The full Prenups document contains perspectives from filmmakers and funders on how best to work together. Below are a few of those perspectives. We hope you'll tell us your own stories and ideas in the space provided at the right.
CASE IN POINT: STRATEGIZING ABOUT STORY : A director received funding for her film that would follow a man as he started participating in a residential support program. The filmmaker’s vision was to capture a positive personal transformation, but the story took a turn when the subject suffered a relapse. The filmmaker quickly informed the funder at the Annie E. Casey Foundation, who summoned her trusted outreach team. “One thing the story must have,” observed the outreach specialists, “is hope.” The filmmaker agreed. Screening footage together, the filmmaker and the outreach team identified a second client from the same program whose experience was far more positive. As a result, the film—now with two main characters—remained authentic and true to the program, the funder had an honest and ultimately more hopeful story to tell about her grantmaking, and the filmmaker’s work is making a difference. The process worked because the funder took a lighthanded approach, the filmmaker retained editorial control and they both communicated during the process to achieve shared goals.
DECIDE ON WHO DECIDES : Figuring out who decides what is a key part of an agreement between a filmmaker and a funder. One equity investor in documentary film remarks, “If we put a lot of money into a film, we will often have control over commercial decisions—who the film gets sold to and for how much—and the filmmaker will have meaningful consultation. The filmmaker controls the creative side, and we control the business side. We know more about the business side and can do better for the film.
TALK ABOUT WHO GETS WHAT KIND OF INPUT : One foundation formed a partnership to create a documentary film on a housing issue. The foundation provided full funding, the local public television station produced the film, and a local nonprofit advocacy group provided relationships with prospective subjects and input on content. At least that was the funder’s view. Problem was, she recalls, “There was no clear understanding about who was the executive producer, which is why we had a conflict with the nonprofit about some things that went into the film. At one stage of production, the film showed a lot from the [housing project’s] residents’ point of view. We wanted some balance and brought in some dissenting views. But the nonprofit wasn’t happy with that,” since it favored the residents’ perspectives. Without editorial leadership, it wasn’t clear whose input held more sway. “We learned a lot from that,” she says, “and talked about that issue explicitly with the nonprofit partner on the next film we funded.”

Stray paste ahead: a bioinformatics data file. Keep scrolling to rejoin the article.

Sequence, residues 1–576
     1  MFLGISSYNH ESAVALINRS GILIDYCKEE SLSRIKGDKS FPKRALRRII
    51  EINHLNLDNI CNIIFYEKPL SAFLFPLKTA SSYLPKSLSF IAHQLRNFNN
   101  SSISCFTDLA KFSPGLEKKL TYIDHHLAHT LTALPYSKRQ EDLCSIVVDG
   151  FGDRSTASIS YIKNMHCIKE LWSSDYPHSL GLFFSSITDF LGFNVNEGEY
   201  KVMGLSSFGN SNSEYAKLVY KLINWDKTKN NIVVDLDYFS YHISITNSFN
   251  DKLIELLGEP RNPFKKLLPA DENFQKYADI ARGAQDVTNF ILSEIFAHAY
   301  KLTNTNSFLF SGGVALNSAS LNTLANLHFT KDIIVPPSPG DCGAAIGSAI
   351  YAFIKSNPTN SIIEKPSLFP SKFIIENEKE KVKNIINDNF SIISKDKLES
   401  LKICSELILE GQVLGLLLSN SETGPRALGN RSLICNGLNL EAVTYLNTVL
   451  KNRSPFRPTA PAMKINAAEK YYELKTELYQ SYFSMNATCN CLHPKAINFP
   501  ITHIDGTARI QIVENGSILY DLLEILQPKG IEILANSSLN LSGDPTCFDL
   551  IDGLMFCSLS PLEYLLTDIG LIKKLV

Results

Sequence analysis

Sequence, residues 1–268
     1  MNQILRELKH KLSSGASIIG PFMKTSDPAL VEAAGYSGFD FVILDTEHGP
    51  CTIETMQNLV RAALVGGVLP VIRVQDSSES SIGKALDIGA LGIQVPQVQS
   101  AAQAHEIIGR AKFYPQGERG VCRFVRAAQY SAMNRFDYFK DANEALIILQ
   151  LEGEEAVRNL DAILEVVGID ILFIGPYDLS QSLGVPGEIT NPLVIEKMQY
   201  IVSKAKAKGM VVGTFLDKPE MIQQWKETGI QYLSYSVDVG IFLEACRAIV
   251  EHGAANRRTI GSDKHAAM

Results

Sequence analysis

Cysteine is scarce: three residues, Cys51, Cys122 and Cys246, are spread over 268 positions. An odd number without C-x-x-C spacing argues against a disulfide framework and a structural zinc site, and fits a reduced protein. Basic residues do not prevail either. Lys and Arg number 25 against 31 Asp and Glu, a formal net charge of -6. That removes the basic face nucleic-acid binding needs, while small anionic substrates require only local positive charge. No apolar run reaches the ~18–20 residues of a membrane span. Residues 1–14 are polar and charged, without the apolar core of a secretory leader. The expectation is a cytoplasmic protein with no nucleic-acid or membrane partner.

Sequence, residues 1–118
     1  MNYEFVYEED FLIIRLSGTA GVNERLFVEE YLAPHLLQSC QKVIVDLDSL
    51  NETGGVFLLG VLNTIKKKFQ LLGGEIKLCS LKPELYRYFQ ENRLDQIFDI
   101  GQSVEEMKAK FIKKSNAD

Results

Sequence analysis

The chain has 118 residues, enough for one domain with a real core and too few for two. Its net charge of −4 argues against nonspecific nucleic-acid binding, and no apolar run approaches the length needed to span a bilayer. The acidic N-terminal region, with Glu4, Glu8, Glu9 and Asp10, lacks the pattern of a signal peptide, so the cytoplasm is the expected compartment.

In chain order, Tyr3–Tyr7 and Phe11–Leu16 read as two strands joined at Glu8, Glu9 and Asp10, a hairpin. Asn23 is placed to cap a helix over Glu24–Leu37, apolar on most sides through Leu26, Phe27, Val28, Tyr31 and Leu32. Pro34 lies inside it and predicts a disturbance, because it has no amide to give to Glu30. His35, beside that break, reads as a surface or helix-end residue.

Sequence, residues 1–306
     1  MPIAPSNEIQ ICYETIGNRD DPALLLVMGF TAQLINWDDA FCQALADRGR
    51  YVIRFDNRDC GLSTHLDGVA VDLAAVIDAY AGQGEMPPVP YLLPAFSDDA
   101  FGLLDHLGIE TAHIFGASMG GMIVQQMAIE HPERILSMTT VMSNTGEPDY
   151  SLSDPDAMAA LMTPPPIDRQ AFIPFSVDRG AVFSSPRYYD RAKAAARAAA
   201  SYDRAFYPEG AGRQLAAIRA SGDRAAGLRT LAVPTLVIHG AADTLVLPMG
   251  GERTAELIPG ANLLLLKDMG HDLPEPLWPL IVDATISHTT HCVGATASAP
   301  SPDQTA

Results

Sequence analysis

BE FLEXIBLE ENOUGH TO ADAPT TO CHANGE : As one seasoned funder advises, “Stories change all the time. All we can do as a funder is try to be a responsible partner whose goal is to help them complete their project. Like any other relationship, we should be to support them, but also nudge them as necessary.”
RECOGNIZE WHAT FUNDERS CAN GIVE BESIDES MONEY : Filmmakers are becoming increasingly aware of the many resources that a funder can provide aside from just money. One filmmaker attests, “Our program officer was not in the media area, and film was a relatively new idea for her. She acted as an inside expert, answered questions, and was a huge help in shaping the outreach program. At one point, she even helped rescue the project. She also helped identify likeminded funders, which was fantastic.”
Please tell us your own experience with roles and participation in making or funding film.